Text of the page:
So ‘post-truth’ officially became a thing. It’s the Oxford English Dictionary’s word of the year, somewhat euphemistically defined as relating to or denoting circumstances in which objective facts are less influential in shaping public opinion than appeals to emotion and personal belief.
Or as the Guardian presciently had it, back in May 2016: In this era of post-truth politics, an unhesitating liar can be king. The more brazen his dishonesty, the less he minds being caught with his pants on fire, the more he can prosper. And those pedants still hung up on facts and evidence and all that boring stuff are left for dust, their boots barely laced while the lie has spread halfway around the world.
I think it’s fair to say that all this post-truth stuff has downgraded our public discourse to the status of a bunch of shouty drunks on the night bus, who just can’t be reasoned with, and – whatever your vote, in whatever campaign, and whatever your reasons – we all deserve better than this.
I see it as not as ‘post-truth’ but post-trust.
But let’s remember that most things in culture go in cycles. Fashion does. Politics does. Values change and evolve, and then they change and evolve again.
So I’m coming to think – and hope – that we should instead think of ourselves of being, temporarily in a pre-truth period; the trough of a wave that will soon begin to rise again.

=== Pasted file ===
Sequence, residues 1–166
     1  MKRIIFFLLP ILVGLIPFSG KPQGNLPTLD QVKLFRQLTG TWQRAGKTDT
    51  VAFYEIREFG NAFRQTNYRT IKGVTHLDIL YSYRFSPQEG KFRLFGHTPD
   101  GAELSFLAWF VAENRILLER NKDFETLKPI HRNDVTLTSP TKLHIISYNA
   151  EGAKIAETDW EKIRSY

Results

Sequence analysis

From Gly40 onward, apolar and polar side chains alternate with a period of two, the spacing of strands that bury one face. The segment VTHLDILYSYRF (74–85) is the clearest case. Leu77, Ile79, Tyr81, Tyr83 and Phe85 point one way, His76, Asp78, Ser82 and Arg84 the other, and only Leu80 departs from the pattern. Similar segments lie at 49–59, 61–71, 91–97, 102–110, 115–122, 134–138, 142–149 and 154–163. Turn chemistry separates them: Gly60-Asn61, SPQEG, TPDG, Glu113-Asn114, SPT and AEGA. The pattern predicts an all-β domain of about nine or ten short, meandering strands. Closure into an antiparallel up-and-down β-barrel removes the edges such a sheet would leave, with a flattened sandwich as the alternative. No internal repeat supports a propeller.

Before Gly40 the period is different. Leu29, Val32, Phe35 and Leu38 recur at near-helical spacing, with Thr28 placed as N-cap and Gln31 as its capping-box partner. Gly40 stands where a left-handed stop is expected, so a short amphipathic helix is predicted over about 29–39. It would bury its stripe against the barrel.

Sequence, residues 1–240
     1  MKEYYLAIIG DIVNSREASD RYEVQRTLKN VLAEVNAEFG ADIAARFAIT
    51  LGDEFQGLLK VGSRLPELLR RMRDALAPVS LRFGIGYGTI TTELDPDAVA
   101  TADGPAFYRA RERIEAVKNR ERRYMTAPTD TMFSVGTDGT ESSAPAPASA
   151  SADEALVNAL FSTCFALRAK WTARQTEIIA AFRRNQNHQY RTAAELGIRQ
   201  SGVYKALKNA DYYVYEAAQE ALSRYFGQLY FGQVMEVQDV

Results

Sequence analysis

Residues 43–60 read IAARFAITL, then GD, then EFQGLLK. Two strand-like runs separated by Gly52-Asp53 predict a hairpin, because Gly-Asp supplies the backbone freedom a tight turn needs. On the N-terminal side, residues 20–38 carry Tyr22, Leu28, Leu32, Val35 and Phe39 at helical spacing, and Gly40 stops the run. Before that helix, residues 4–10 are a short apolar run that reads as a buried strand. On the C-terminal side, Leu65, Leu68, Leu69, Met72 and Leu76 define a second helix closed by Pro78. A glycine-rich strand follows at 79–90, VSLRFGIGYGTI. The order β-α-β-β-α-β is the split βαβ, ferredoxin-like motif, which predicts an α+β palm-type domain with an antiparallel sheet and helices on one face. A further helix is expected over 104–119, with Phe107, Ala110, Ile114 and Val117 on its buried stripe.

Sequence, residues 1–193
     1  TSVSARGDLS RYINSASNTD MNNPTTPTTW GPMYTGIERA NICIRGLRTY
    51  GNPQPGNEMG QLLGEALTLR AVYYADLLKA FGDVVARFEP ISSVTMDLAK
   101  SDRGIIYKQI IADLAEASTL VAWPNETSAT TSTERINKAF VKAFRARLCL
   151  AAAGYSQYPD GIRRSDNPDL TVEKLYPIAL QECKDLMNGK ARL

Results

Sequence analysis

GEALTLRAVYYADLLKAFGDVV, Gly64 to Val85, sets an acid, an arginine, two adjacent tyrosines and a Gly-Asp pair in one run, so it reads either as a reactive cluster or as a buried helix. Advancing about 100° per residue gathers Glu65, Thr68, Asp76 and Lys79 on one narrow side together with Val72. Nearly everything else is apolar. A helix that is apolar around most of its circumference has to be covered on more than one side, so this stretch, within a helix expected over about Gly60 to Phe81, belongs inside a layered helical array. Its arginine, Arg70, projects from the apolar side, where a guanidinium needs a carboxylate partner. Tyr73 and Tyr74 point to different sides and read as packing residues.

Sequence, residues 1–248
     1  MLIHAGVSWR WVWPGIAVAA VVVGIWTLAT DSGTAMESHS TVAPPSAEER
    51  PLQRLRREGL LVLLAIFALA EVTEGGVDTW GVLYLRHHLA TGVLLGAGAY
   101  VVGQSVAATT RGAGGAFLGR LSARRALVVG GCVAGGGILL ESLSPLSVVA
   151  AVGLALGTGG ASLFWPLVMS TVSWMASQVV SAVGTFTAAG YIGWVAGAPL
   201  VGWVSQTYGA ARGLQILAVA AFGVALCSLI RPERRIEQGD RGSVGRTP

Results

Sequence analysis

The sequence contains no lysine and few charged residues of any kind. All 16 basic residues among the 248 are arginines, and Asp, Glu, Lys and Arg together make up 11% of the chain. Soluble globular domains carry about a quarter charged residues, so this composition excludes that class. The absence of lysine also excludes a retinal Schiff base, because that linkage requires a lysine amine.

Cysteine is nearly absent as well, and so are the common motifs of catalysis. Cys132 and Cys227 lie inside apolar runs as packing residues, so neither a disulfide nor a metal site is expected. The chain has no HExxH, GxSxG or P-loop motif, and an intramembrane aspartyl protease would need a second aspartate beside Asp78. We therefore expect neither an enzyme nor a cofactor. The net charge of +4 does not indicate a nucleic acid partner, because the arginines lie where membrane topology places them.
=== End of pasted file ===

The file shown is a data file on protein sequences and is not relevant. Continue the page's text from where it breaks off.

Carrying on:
I’d like to think that the cycle will turn, and people will start to embrace again the idea that there are indeed such things as experts and facts. That evidence does matter. That not everything is an opinion. That not all sources are equal. That accountability is actually a good thing. That you actually can’t have your cake and eat it.
Indeed, our social media types are already thinking aloud about the unintended consequences of allowing filters, curation, algorithms, fake news and so on to co-create echo chambers, absent all debate.
If they sense that’s a problem, so should everyone.
I suspect there will be many people out there who will recognise some time down the line that they’ve been used and manipulated, and they won’t be happy.
And as a consequence, in a few years’ time I’d like to think we will be living in a post-post-truth age.
(But watch out – because on the principle of cultural cycles, it could also be a pre-post-truth age all over again…)
Anyway, perhaps we’ll learn from all this. Perhaps – with people facing an overload of complexity – we might even introduce things like mandatory critical thinking courses into our schools. And it might even be that in a few years’ time, the events of 2016-17 could actually form a useful and entertaining part of such a syllabus.
Imagine a bunch of eight-year-olds comparing and contrasting the campaign messages, checking out the sources. Imagine them deconstructing the words of the candidates and campaigners. Imagine them scoffing at the endless repetition of simplistic cake-and-eat-it slogans.
Then imagine their eyes widening as they turn to their teacher and ask: ‘they didn’t really say that, did they, Miss? But it isn’t true…’